But the way you -- one would think that you would measure success would be the extent to which you get other countries to cooperate. We're now up to something like 90 worldwide. The extent to which other countries are willing to share intelligence, and that's an enormous number. The extent to which countries are more aggressively pursuing terrorist cells in their own countries. And as I've indicated, there are over 2,000 people, who have been swept up off the streets in dozens and dozens and dozens of countries, who are being interrogated.

So I think the American people have a pretty good sense that this is not a set of pitched battles on a continent, in the air or at sea. Rather, it is like an iceberg where there will be periodic places where we'll see it above the surface. And this is something I think I said in September almost identically; that this is the nature of what we're up against.

Q: One more thing on that. Would removing Saddam Hussein from power be a major victory in the war on terrorism, or is it a discrete issue?

Rumsfeld: It would seem that it's the policy of the United States Congress and the executive branch of successive presidents that regime change in that country would be desirable for a host of reasons. I would have to go back and read the legislative debate as to what led the Congress to decide that, but I assume it had to do with weapons of mass destruction, I assume it had to do with him trying to impose his will on his neighbors. I also assume that it's because he's been elevated to the status of a terrorist state.

Yes?

Q: General Myers, can you help us a little bit put this Christian Science Monitor story in perspective? It has three main sort of startling allegations. One is that al Qaeda is massing in Pakistan; is there any evidence of that? Two, that Osama bin Laden and his top lieutenant, Zawahiri, have both been spotted recently; have there been any credible sightings of them that you're aware of? And three, that the al Qaeda in Pakistan is seeking or obtaining help from China to get anti-aircraft missiles to threaten U.S. planes.

Can you help us put that in perspective? How much credibility should we put into those kind of accounts?

Myers: Well, I think on the issue of massing along the border, the secretary pretty much covered that. We know that's where there are -- that's where a lot of the al Qaeda fled, some of the Taliban, probably, for that matter. And it's a long border. And I guess there's no doubt that there are pockets of them. Whether they're massing or not, I think, remains to be seen. I would just tell you that from what I've seen, we have no evidence of that. On the other hand, General Franks -- this is something that he and General McNeill inside Afghanistan work on a daily basis. We've got reasonably good intelligence. We get good cooperation from Pakistan and from Afghanistan. And so, you know, I don't know there's any truth to that particular story.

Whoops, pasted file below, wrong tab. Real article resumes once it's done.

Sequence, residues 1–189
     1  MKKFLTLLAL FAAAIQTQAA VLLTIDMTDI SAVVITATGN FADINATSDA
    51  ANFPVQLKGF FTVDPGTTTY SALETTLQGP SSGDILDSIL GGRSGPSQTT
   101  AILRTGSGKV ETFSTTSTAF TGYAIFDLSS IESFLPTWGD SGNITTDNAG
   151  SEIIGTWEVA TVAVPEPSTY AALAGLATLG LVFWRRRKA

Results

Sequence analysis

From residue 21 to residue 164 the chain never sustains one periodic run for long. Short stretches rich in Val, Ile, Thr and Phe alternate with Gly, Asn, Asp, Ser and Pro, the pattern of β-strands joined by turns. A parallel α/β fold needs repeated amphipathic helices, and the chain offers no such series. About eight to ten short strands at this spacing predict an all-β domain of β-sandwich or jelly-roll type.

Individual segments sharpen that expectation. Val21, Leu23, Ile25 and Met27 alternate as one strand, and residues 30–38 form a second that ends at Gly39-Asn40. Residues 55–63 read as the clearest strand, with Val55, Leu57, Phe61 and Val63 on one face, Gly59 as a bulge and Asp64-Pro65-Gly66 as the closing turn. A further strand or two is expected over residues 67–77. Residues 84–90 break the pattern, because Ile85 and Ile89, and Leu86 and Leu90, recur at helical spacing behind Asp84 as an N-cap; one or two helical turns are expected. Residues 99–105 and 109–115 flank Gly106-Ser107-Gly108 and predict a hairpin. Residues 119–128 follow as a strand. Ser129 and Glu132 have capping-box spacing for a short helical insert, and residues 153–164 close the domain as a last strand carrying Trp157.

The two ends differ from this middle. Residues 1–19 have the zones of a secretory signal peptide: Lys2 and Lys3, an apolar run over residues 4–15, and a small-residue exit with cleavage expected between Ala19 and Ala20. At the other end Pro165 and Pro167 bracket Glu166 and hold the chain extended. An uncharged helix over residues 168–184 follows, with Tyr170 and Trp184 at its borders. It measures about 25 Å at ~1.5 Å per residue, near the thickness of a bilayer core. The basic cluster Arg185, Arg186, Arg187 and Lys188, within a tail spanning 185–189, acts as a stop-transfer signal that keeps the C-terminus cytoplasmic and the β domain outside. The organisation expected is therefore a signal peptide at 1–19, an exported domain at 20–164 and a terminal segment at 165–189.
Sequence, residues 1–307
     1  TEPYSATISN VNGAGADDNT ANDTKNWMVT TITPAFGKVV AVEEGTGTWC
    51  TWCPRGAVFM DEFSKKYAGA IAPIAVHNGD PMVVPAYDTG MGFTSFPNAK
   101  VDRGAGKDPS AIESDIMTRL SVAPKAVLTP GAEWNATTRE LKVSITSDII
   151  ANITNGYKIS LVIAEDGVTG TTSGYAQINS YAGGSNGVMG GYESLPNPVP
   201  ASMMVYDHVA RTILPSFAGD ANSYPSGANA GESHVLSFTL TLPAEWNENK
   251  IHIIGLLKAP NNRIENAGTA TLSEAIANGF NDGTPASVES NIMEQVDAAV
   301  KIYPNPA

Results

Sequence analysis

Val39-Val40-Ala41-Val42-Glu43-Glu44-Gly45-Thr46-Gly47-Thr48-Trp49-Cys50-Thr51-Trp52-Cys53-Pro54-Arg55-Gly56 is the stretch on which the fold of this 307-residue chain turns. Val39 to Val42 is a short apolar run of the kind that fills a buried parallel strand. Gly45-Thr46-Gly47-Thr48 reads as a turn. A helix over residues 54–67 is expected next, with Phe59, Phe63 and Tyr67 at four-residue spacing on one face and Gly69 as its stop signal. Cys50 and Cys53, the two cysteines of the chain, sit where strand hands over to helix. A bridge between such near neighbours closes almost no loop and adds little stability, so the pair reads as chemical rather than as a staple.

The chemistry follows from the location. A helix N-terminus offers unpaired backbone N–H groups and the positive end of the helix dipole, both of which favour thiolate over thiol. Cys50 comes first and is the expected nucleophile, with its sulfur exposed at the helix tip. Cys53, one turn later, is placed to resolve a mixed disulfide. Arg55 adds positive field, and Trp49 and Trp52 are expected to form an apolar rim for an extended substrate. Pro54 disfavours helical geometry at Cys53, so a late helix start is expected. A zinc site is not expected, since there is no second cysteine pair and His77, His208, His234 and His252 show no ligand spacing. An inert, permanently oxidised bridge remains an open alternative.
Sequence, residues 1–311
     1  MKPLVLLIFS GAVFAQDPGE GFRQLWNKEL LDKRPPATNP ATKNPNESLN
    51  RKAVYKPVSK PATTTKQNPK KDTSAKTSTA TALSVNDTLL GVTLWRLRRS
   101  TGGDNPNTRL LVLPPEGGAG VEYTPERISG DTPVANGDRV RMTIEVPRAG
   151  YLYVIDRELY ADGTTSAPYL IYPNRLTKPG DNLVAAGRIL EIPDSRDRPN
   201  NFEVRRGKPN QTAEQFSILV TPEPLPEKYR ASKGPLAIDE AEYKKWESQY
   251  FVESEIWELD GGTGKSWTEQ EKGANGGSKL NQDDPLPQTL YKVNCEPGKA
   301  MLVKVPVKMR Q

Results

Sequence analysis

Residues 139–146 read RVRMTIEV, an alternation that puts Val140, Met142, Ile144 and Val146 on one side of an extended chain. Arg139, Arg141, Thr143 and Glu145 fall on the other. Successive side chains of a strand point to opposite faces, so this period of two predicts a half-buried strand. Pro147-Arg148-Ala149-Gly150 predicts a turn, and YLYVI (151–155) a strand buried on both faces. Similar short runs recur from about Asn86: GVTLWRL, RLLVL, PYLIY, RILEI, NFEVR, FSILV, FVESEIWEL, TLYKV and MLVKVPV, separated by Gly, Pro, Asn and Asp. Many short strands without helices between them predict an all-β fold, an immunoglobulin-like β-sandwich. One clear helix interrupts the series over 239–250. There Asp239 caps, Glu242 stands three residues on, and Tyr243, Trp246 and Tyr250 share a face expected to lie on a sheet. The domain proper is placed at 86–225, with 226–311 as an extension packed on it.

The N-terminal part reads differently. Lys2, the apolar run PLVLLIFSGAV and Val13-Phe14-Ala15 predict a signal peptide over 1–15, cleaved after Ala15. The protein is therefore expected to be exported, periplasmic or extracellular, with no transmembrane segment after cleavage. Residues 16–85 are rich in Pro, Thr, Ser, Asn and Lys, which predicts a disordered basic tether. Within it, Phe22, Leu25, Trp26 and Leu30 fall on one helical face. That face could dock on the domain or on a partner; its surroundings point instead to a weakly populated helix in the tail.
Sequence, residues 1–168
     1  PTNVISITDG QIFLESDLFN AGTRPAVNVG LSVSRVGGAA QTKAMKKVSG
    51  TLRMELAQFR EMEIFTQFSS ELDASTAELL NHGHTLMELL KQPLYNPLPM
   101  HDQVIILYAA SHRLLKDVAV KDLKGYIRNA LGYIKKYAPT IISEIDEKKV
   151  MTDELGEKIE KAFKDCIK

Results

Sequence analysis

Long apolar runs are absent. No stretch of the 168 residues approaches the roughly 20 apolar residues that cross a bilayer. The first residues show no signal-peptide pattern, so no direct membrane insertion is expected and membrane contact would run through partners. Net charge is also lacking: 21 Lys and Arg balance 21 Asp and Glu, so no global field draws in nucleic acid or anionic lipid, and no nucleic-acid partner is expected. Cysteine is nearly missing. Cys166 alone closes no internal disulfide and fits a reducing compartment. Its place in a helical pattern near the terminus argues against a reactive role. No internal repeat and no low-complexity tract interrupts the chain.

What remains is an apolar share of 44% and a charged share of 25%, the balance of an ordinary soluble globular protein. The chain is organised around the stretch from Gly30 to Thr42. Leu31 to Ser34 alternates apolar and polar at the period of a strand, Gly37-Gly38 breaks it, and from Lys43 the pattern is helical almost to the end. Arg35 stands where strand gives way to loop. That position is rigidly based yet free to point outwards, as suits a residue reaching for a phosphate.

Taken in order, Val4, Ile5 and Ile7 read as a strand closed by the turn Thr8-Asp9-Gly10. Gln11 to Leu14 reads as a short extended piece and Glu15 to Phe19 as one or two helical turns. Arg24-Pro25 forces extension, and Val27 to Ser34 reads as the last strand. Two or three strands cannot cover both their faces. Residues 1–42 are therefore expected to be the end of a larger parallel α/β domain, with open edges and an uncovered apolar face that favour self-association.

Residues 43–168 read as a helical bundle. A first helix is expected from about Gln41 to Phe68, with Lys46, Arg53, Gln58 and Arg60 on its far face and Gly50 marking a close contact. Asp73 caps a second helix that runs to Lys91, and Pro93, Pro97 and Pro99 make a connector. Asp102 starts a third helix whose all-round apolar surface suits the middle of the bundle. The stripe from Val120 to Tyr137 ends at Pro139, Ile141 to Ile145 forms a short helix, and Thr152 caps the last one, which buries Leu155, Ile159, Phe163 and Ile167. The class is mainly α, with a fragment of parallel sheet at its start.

On the issue of UBL, I'll give you my standard -- I've not seen anything that says we know where he is. And the last issue, on help from China, we know that they want weapons, they want weapons of mass destruction. They probably need all sorts of supplies. And they'll go to whoever will provide those. I would be -- I would be very surprised that China would help, that the government of China would help. We get -- have gotten pretty support from China on the war on terrorism, and it would be hard for me to believe that they'd want to help the al Qaeda.

Q: Speaking of help --

Rumsfeld: Could I make just a comment, which I find interesting here. I've mentioned that we're getting a lot of tips from Afghan people in villages all across the country saying that we ought to go look in a certain place. And we've gone and looked.

And here's a -- this is only through July 16th, but this is from 345 caches that have been identified, mostly by other people telling us about them: 1,785 AK-47 rifles; 375 -- correction, 370,000 rounds of ammunition for the rifles; 30 heavy machine guns; 3.5 million rounds of ammunition for the machine gun; 72 mortar tubes; 52,000 rounds of ammunition for the mortars; 142 recoilless rifles with 1,700 rounds; 2,100 air-to-air missiles; 2,800 rocket-propelled grenade launchers, with over 4,000 grenades; 43,000 rounds of rockets, 107-, 122-mm; shoulder-fired surface-to-air missiles, 319 missiles, 269 were SA-7s; 50 tanks; 40 armored vehicles; 2,000 mines; over 20 anti-aircraft weapons.

Just -- the nation is filled with weapons. It is a country that has -- they've been pouring in from all countries. The reason I mentioned it is in a number of these caches, you do find things from China. But you find 'em from country after country after country. So, it isn't anything distinctive.